ADDIS ABABA — Addressing Eritrean professionals, intellectuals and political leaders in Addis Ababa on Friday, Prime Minister Meles reiterated that Eritrea posed a serious threat to the security of Ethiopia and to countries of the Horn Region. The Eritrean government was caught red-handed while plotting, executing, and overseeing subversive and terrorist acts on Ethiopia and its neighbors, Prime Minister Meles underlined. He was referring to Isaias’s reported plan to cause chaos and bloodshed in Addis Ababa in March when the African Union was holding a conference of heads of state in the Ethiopian capital.

He said tougher new UN sanctions will be slapped on the Eritrean regime as soon as the Security Council agrees on measures affecting foreign companies operating in the country.

In a bid to stave off measures that would stop President Isaias Afeworki from laying his hands on revenues from the country’s gold mines and from illicit money paid by nationals abroad, he is frantically seeking understanding from African leaders. His sudden diplomatic offensive is clearly too little too late. Immediately after his return home from a state visit to Uganda last month, President Musoveni issued a statement through his ambassador in Addis Ababa urging more stringent UN measures on Asmara. Unable to refute overwhelming UN and East Africa’s IGAD (Inter-governmental Authority for Development) charges against Eritrea, it is unlikely Isaias’s meeting in Bamaco over the weekend with Equatorial Guinea President Mbasogo, current AU Chairman, will change any African minds.

The Eritrean leader should grab the bull with the horn and face the forces that hold the key to the country’s future as well as his own, namely, the Eritrean people at home and the broad-based, energized democratic opposition front which is banned from operating inside the country. An increasing number of young conscripts and students fleeing the country are joining the front in the fight for a new Eritrea.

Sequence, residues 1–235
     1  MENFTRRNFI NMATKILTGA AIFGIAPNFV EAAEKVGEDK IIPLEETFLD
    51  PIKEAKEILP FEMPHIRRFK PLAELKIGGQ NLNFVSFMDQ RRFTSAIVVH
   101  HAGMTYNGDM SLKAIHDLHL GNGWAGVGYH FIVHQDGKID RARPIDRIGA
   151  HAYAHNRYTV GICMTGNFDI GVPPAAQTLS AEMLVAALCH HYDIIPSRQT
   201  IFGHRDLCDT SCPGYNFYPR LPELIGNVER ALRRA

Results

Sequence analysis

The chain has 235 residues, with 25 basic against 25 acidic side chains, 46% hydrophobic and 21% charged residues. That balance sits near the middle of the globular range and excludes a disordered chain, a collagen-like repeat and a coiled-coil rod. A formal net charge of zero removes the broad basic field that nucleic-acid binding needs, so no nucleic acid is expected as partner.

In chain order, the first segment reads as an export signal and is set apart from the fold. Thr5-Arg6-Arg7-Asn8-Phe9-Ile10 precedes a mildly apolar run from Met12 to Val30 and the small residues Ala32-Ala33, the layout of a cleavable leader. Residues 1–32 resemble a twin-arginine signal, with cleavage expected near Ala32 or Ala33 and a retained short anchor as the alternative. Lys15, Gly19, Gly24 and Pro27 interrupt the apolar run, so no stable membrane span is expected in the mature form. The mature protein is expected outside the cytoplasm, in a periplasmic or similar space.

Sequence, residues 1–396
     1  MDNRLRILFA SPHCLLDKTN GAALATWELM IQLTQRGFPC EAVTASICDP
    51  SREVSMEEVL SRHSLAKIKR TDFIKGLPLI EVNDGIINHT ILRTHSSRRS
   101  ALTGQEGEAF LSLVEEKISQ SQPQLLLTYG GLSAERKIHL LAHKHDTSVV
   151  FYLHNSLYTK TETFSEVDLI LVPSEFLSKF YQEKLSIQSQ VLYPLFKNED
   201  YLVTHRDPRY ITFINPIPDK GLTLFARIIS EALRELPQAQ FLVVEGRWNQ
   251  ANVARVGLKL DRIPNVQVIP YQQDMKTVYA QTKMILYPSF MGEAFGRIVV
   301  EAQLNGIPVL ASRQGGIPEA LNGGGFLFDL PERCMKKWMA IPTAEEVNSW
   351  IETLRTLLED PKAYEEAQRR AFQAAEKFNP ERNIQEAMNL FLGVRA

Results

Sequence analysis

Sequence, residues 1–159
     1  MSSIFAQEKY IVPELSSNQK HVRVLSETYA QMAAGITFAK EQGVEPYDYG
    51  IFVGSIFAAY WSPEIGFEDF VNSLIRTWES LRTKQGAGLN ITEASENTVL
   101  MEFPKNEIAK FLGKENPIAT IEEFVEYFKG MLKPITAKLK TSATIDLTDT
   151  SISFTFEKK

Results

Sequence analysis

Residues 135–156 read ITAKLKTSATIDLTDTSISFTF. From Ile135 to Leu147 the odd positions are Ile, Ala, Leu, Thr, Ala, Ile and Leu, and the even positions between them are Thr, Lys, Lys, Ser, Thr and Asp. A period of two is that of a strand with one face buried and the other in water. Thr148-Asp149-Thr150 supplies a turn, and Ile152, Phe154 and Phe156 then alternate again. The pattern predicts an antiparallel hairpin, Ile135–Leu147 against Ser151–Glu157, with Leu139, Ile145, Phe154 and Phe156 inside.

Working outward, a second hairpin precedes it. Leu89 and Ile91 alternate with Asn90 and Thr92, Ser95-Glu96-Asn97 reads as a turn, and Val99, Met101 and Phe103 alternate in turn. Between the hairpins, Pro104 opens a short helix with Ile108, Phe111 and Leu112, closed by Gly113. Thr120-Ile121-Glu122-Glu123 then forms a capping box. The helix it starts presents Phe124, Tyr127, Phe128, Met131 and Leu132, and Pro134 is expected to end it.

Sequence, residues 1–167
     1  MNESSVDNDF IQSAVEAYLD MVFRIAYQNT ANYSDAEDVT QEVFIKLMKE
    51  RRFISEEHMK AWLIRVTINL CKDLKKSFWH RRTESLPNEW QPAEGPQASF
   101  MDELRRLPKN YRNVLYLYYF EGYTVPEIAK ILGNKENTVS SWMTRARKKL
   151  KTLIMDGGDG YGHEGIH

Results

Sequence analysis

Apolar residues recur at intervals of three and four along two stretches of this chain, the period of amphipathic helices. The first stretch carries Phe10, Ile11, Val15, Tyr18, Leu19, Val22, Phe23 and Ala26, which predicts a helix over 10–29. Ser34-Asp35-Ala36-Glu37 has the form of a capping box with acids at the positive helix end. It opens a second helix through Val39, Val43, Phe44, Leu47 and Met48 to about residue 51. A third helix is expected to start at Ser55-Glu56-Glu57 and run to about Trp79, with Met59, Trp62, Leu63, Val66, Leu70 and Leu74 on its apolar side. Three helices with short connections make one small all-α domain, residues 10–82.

At the same time, the sanctions and international diplomatic pressures are having their toll on Isaias and his close advisors and cabinet ministers. According to reliable sources in Asmara, some of his ministers and loyal aides are openly expressing frustrations in fear that the country may be heading for the gutters.

The same sources describe a political atmosphere developing in Asmara in a manner somewhat similar to the one experienced at the end of2000 when the Isaias armed forces lost the war with Ethiopia and were pushed out of the border village of Badme which became an annoying symbol of personal failure for him. Consequently, in late 2001, Isaias staged a palace coup in which he put in jail almost all members of his cabinet including his de facto Vice President for questioning his leadership capabilities and for calling an end to his dictatorial methods.

How the current crisis will play out is yet to be seen. What is clear is that Isaias is fighting for his life and political survival. With an impoverished and enslaved population of 5 million, with over 300,000 disenchanted armed youths indefinitely serving in a hated national service, with a dysfunctional economy and estranged intelligentsia, Isaias fears Eritrea could be hit by a Tunisia or Libya type of revolution at any moment. Indeed the Eritrean government has become so hysterical that it has accused the Nobel Peace Prize winning human rights watchdog, Amnesty International, of inciting a people’s rebellion in the country – a charge vehemently denied by Amnesty.

By and large, the internal quandaries as well as the UN sanctions on Eritrea are of Isaias’s making because of his frustrated ambitions to be the undisputed regional leader and his hate and mistrust of the Meles Zenawi led TPLF/EPRDF government in Ethiopia for hampering his grandiose plans. He made the destruction of Zenawi’s rule as the only way if he is to stay in power and develop his country. Isaias tried to convince his people that his arming and funding of Al Qaeda-linked Al Shabab and rubbing elbows with extremists was in Eritrea’s national interest. He reportedly continues to arm and harbor rebels and extremists from Djibouti, Somalia, Sudan, and South Sudan, as well as Ethiopia, to try to blackmail the leaders of these countries and get them to bow to his whims and demands.

Now not only the African Union but also the UN and the superpowers identify the Isaias regime as a threat to regional and international peace and security. Isaias stands between a rock and a hard place with no easy answers. One option left is for him to start negotiations with his foe Meles Zenawi without preconditions putting everything on the table including the issue of dusty Badme. Meles told the just concluded conference of 62 Eritrean intellectuals and professionals including more than a dozen PhDs and Medical Doctors that he has no plan to leave Badme unless such a move guarantees peace for the peoples of Ethiopia and Eritrea. Meles thinks the ball is in Isaias’s court. Isaias feels it is in Meles’s court.

Asked by this reporter if Meles ever blames himself for what is wrong in Eritrea since he was once close to Isaias, he said “I did not create Isaias.” However, Meles said he did not believe Isaias would be good for post independent Eritrea given his record as liberation front leader in which he favored violent means to resolve conflicts and his lack of concern for human life.